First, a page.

I hate to criticize such a close friend of Steve’s but the decline in Apple software quality is pretty closely aligned with Jony taking ownership of it in addition to his usual hardware duties. Without Steve to balance him out, he was just out of his league.
iOS 7 was one of Jony’s first software projects, widely regarded as a train wreck which took several years to fix. You’ll often hear the phrase “this would never have happened under Steve” and in this case, I think it’s true. Steve was good at reeling things in and stripping them down and that’s a huge loss.
Belief and respect
Before working at Apple, I was used to working for relatively uninspiring and often clueless CEOs. One thing that I found refreshing at Apple was that—even though people had their differences—people respected Steve and believed in the direction he was taking the company.
This had a profound affect inside Apple. If Steve was pushing the company in a specific direction combined with that respect, it was much easier to do your day-to-day job. Most jobs involve a lot of smaller decisions that would never rise to Steve’s level. But because we knew the path we were on, it was easy to make these smaller decisions ourselves.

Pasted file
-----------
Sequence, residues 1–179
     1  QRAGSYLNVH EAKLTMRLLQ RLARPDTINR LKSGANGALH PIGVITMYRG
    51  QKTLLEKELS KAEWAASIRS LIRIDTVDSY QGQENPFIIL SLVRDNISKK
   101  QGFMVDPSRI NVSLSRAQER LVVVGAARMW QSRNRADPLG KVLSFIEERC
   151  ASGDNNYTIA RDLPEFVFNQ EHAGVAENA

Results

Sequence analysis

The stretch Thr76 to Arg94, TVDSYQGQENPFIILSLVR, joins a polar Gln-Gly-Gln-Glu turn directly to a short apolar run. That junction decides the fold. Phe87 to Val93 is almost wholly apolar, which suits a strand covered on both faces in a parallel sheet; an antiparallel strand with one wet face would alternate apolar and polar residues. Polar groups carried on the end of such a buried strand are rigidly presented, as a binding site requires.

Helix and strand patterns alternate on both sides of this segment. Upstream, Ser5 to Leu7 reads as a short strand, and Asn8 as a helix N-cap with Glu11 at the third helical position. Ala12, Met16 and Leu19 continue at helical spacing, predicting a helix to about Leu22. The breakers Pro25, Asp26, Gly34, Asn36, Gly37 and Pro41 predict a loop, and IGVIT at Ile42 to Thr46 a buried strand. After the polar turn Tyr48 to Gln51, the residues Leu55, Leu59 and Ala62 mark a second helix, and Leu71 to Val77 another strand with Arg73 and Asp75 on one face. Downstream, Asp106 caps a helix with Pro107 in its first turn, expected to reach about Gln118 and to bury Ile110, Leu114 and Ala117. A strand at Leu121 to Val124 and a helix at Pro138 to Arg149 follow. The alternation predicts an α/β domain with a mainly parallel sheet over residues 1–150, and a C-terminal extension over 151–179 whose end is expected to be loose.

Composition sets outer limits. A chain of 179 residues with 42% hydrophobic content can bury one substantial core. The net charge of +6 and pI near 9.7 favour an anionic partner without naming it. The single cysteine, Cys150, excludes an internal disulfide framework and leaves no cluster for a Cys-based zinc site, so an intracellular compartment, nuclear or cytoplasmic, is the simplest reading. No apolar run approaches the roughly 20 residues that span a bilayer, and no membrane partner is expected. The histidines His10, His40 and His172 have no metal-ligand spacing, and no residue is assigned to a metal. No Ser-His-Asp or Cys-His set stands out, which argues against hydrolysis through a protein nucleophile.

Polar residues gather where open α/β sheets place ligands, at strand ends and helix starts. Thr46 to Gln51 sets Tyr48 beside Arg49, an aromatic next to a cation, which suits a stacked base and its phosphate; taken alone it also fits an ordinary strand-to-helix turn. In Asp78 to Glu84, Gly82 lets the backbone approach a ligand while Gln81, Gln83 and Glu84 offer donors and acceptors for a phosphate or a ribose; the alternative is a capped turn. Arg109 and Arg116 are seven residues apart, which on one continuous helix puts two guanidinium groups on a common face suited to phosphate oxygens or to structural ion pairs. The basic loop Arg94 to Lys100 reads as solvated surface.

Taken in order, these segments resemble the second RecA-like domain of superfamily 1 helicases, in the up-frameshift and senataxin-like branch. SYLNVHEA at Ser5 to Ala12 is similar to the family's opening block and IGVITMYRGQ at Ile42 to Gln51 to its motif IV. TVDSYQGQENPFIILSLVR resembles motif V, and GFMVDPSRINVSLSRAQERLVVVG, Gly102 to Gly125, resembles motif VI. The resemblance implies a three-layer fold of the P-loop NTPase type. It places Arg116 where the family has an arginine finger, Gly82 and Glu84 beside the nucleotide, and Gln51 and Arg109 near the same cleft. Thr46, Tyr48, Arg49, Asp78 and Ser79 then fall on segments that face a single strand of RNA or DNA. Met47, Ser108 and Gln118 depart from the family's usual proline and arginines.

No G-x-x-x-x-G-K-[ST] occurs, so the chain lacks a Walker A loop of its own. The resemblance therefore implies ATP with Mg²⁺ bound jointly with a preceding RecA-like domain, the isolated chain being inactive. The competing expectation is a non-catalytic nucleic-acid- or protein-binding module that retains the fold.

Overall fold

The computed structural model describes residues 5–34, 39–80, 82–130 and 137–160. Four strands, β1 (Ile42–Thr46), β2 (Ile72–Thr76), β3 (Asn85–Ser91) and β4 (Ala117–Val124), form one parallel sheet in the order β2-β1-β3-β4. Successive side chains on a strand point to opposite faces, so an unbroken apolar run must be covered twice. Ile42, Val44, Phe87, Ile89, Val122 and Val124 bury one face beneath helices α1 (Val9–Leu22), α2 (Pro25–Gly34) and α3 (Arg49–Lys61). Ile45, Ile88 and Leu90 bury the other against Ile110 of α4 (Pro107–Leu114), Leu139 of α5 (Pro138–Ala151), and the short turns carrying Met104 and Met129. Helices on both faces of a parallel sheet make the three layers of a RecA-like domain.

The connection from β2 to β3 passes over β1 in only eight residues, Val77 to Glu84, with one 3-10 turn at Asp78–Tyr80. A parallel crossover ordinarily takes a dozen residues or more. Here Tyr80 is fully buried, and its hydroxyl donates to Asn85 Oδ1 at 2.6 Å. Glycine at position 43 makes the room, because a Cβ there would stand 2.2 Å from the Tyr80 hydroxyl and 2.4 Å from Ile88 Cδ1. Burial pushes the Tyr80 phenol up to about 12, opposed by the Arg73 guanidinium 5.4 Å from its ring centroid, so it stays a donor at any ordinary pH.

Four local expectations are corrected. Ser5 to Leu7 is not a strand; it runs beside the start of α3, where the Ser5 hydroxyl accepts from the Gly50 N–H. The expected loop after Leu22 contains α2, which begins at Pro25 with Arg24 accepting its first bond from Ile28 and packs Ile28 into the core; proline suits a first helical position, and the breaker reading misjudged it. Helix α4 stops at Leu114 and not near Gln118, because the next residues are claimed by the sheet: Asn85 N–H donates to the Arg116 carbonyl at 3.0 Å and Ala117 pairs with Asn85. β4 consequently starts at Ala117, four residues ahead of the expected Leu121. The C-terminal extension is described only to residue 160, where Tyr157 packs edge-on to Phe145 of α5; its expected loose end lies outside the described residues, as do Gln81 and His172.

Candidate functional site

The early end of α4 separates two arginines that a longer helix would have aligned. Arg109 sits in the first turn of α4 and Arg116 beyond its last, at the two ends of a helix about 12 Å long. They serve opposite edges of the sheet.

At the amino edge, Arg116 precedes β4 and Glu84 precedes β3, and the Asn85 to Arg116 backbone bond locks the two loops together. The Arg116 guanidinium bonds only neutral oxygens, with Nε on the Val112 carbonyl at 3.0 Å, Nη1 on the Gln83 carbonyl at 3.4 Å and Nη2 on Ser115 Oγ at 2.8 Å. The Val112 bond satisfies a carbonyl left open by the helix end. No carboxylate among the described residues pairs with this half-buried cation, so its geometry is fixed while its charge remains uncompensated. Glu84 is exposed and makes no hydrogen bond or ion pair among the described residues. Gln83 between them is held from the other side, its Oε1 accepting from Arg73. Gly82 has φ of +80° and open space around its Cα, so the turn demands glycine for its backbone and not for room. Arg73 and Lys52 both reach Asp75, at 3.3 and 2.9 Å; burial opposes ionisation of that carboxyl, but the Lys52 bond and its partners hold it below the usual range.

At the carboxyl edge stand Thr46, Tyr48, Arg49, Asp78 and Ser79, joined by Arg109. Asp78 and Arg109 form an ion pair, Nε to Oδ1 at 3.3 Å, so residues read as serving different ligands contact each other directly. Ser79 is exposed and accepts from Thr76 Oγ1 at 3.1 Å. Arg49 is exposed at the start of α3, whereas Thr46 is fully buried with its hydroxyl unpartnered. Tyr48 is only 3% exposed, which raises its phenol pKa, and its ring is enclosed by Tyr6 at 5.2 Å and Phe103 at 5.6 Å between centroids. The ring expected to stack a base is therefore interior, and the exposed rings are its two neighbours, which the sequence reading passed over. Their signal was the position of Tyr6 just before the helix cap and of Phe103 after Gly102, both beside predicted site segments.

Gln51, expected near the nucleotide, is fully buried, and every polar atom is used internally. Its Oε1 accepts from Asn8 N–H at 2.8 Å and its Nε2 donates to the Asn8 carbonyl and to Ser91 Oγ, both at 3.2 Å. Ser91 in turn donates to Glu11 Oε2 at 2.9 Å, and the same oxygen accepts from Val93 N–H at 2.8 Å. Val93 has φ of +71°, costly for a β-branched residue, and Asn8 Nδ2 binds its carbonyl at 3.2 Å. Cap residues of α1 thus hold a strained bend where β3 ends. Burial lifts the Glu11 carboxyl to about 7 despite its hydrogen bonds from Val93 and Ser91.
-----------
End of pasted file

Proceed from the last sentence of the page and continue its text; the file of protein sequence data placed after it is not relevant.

In a sentence, we understood the mission we were on and we respected the messenger.
I’ve worked at companies with 200 employees where we’d see the CEO twice a year at company meetings. He was holed up in his office or meeting with his directs all the time—or maybe playing golf—and never interacted with anyone else.
I worked at Infinite Loop for 19 years, with 12 of those under Steve. For such a large company, Steve was a routine presence around the company. He was often walking in the inner quad area of the campus, in the hallways, and would drop in frequently on projects important to him. He ate in the café every day as far as I can tell.